material and pulls it into the cut. Ripping blades have a very high hook
angle to cut aggressively. Lower hook angles are used for harder
materials where greater control is needed.
Tooth Count: The more teeth a blade has, the smoother it will cut. Conversely,
blades with fewer teeth cut more aggressively.
Instruction Manual
Guide Rails
Additional guide rails are available in lengths from 32 inches
to 197 inches.
Guide Rail Accessory Kit
Item Number: 492 396
Contains: Miter Gauge, Splinter Guard, Guide Stop, Cord
Guide, Guide Rail Connection Bars, Guide Rail Clamps,
Dust Cover
Item Number: 491 750
The dust cover is for improved dust collection by covering the
openings in the side of the blade cover.
Rip Fence (Parallel Guide)
Item Number: 491 469
Use the rip fence instead of the guide rail for making a rip
using the edge of the workpiece as a reference.
TS 55 EQ Circular Saw
Systainer (System Container)
Every Festool product is shipped in its own unique system container, called a "Systainer." This provides protection and
storage for the tool and accessories. All Systainers are stackable and can be interlocked together, including stacking and
locking atop Festool dust extractors.
Parts of the Systainer
Carrying Handle. The carrying handle folds flat when not
in use.
Cover Latches. The two green latches on the front of the
Systainer secure the cover. (These are also used for
stacking Systainers, as described below.)
Stacking Latches. The two gray latches on the sides of the
Systainer are used for stacking one or more systainers
Stacking Tabs. The stacking tabs are used to lock two
systainers together. There are four sets of tabs (two on the
front and two on the sides) of each systainer.
Stacking Systainers
For convenience in transporting Festool tools and
accessories, the systainers can be stacked and locked
together. The systainers are locked together using the
stacking tabs and latches.
Place one systainer on top of the other.
Release all four latches on the lower systainer by pulling
back at their top edges (step A to the right).
Slide all four latches upward (step B) as depicted by the
two views.
Snap all four latches back to their flat position (step C) so
they engage the stacking tabs of the upper systainer.
The image to the right shows two accessory systainers
stacked together.
Instruction Manual
Motor does not start
Possible Causes
1. Check that the cord is properly plugged into an outlet.
2. Make sure the outlet has power. Check the circuit breaker or try another outlet.
3. If used with a Festool dust extractor, make sure the selector switch is pointing to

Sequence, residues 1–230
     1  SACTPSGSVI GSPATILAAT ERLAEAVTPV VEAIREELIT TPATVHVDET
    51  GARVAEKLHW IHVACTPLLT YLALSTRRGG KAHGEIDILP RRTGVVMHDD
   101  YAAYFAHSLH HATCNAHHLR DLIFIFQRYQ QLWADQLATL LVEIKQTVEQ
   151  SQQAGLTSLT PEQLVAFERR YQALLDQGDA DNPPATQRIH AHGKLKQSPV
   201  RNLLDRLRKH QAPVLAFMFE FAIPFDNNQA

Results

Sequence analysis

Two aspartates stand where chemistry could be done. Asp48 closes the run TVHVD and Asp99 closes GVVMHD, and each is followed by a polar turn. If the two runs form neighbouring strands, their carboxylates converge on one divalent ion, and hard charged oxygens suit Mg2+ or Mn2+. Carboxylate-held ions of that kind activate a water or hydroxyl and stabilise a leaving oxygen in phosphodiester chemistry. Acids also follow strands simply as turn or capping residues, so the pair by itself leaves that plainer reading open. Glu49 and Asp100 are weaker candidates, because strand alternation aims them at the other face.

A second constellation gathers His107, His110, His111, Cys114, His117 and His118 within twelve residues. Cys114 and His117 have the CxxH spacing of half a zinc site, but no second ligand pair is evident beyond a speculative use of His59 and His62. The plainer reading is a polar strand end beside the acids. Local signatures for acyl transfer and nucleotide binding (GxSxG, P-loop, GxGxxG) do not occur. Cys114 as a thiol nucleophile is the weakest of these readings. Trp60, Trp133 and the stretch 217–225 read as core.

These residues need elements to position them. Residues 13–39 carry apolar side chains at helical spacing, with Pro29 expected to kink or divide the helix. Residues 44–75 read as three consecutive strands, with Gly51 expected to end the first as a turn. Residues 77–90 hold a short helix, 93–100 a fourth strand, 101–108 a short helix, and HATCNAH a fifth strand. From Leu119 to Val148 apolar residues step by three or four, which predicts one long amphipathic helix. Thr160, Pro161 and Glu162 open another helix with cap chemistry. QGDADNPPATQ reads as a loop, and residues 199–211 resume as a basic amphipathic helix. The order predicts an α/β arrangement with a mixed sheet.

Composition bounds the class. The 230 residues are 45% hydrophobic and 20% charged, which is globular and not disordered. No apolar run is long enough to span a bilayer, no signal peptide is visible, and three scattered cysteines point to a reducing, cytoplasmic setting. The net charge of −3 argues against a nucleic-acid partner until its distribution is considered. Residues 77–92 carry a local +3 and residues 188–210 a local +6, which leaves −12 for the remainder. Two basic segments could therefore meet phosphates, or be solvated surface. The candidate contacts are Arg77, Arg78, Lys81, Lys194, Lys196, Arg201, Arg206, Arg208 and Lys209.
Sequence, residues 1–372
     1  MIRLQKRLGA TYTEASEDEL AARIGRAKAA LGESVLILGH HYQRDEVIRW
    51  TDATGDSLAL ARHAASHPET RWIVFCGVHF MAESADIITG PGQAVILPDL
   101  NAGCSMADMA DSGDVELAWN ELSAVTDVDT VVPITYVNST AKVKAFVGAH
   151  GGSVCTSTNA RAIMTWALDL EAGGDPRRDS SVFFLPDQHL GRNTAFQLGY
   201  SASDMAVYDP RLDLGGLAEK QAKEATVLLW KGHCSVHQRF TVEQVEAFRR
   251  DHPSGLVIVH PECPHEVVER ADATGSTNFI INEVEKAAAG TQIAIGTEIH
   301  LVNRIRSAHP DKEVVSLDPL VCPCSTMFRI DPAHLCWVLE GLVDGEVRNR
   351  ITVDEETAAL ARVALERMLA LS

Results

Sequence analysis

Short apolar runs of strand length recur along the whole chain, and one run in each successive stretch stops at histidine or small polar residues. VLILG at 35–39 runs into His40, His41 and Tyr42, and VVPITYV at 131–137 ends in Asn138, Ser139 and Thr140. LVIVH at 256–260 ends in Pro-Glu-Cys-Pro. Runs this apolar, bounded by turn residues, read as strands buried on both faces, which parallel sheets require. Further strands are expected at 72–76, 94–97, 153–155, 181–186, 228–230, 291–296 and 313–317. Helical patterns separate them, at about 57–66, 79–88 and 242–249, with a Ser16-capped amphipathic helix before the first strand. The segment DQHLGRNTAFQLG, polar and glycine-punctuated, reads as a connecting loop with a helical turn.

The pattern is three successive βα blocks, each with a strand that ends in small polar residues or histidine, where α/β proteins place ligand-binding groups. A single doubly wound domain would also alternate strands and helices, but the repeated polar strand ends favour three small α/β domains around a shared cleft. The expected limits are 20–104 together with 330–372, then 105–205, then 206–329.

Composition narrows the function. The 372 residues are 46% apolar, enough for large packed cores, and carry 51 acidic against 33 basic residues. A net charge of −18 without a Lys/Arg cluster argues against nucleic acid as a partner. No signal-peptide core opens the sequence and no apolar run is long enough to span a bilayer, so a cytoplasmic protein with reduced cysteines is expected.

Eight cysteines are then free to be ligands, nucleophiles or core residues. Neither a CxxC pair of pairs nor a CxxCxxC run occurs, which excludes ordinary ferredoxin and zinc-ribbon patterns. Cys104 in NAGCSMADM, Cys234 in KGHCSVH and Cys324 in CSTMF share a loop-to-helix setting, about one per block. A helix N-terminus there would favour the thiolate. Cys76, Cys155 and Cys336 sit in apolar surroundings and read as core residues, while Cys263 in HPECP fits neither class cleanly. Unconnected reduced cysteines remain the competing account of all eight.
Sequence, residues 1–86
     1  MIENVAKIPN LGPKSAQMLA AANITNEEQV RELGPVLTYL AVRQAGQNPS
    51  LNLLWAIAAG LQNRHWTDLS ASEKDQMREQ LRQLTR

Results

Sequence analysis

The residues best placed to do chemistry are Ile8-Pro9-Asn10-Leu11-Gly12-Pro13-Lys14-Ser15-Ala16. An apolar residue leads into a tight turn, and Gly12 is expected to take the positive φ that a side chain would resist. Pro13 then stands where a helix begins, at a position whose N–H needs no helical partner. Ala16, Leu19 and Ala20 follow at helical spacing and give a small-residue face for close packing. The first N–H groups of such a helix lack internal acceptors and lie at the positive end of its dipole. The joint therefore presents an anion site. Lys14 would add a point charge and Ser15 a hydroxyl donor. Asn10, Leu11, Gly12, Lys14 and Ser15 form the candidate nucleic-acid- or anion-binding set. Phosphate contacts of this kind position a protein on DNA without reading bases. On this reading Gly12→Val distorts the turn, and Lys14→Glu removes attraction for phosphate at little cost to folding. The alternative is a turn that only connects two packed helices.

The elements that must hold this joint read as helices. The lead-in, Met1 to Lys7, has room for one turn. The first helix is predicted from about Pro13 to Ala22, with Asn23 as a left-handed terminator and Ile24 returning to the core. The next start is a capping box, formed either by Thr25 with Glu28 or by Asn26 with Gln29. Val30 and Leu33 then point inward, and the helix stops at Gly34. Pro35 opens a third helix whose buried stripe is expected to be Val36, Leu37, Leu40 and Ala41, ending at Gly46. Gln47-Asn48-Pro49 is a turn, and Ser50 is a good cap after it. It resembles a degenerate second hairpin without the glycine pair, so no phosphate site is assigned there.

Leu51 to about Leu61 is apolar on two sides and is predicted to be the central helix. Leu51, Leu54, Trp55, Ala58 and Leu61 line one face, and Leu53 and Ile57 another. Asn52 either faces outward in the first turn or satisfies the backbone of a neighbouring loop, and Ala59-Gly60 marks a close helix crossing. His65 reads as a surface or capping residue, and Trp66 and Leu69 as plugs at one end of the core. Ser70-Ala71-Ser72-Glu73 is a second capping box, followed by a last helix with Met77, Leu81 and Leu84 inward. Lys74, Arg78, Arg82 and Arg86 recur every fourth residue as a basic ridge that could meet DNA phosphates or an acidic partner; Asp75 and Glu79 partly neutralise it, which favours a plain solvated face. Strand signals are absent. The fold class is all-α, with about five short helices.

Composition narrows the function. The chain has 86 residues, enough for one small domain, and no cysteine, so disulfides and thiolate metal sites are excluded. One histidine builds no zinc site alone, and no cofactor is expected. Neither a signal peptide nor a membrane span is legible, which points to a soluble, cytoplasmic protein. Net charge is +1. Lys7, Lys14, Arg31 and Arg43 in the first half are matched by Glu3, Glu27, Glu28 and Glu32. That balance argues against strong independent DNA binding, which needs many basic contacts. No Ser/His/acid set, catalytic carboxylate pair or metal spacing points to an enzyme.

"Auto". The auxiliary outlet on the dust extractor has power only when the
selector is at Auto.
4. Inspect the power cord (including extension cords) for damage or missing
5. The motor brushes may have worn and need replacement.
The guide rail gib cams won’t stay
The saw makes a "Growling" sound
when it is first turned on or idling.
The saw makes wavy cuts
Saw cuts are burning
Excessive chipping on the lower
edge of the cut
Excessive chipping on the top edge
of the cut
The cams may be worn and have a flat-spot. Replace the cams.
The friction washers may be worn or missing.
This sound is normal and expected. It is the result of the gears in the saw's heavy
duty drivetrain reacting to the speed control of the motor.
The electronic controller in the motor controls the motor speed by turning it On
and Off very rapidly. This form of speed control is called "Pulse-Width
Modulation" (PWM), and is common in most power tools with a variable speed
control. When there is no load on the sawblade, the pulsations of the motor cause
the gears to rapidly engage and disengage (called backlash), and this is the sound
you are hearing.
► Make sure the guide rail gib cams are properly adjusted.
► Inspect the blade for damage.
► Make sure the sole plate is not rocking on the guide rail.
► Keep the blade depth consistent during the cut; don’t raise and lower the blade.
► Forcing an ATB-type blade into the cut too fast can cause the blade to deflect.
► Make sure to use the correct blade for the material.
► Make sure the blade is sharp.
► Make sure the blade is installed correctly (not turning backward).
► Reduce the motor speed.
► If possible, increase the blade depth.
► Make sure to use the correct blade for the type of material and type of cut.
► A very shallow blade depth can cause chipping on the underside if the teeth are
barely protruding below the surface. Increase the blade depth.
► Make sure to use the correct blade for the type of material and type of cut.
► Inspect the splinter guard. Make sure it is flush with the cut line for its entire
► Materials prone to splintering may splinter more if the blade is set too deep.
TS 55 EQ Circular Saw
Routine Maintenance
Any maintenance or repair work that requires opening of
the motor or gear housing should be carried out only by an
authorized Customer Service Center (name supplied by your
dealer)! Maintenance or repair work carried out by an
unauthorized person can lead to improper connection of
electrical wires or other components, which can result in
To prevent injury or electrocution, always unplug the tool
from the power supply outlet before performing any
maintenance or repair work on the tool!
Do not use compressed air to clean the motor housing of the